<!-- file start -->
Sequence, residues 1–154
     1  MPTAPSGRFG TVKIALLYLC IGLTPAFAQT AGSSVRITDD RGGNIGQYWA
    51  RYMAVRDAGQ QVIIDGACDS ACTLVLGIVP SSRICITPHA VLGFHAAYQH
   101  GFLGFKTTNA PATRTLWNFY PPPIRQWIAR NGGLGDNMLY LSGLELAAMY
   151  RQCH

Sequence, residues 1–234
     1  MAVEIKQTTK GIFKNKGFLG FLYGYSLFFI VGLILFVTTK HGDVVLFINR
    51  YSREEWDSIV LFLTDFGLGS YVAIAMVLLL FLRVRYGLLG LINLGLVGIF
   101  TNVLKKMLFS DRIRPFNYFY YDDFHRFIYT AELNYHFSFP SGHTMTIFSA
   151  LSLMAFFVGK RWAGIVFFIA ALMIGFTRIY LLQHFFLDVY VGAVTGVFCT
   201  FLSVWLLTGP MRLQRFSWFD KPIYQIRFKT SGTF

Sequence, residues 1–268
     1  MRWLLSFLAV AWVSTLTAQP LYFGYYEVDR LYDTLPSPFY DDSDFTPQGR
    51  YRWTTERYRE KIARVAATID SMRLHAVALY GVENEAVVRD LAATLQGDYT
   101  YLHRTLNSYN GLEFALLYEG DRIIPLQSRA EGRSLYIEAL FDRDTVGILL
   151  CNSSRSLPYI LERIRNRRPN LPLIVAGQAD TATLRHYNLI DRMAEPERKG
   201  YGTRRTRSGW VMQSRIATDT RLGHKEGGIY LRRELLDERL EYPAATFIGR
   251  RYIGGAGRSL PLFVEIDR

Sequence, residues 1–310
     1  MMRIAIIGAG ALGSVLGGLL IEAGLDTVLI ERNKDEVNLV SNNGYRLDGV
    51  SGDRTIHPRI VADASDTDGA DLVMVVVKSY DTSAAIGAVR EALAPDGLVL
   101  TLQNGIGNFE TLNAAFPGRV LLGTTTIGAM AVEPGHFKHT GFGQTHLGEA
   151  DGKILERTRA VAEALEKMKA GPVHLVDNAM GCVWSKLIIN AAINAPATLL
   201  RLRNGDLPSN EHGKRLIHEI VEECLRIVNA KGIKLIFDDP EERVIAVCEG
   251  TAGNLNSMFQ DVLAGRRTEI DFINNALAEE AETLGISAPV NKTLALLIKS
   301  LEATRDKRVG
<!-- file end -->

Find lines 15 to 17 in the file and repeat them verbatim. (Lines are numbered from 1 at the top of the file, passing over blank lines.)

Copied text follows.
   101  YLHRTLNSYN GLEFALLYEG DRIIPLQSRA EGRSLYIEAL FDRDTVGILL
   151  CNSSRSLPYI LERIRNRRPN LPLIVAGQAD TATLRHYNLI DRMAEPERKG
   201  YGTRRTRSGW VMQSRIATDT RLGHKEGGIY LRRELLDERL EYPAATFIGR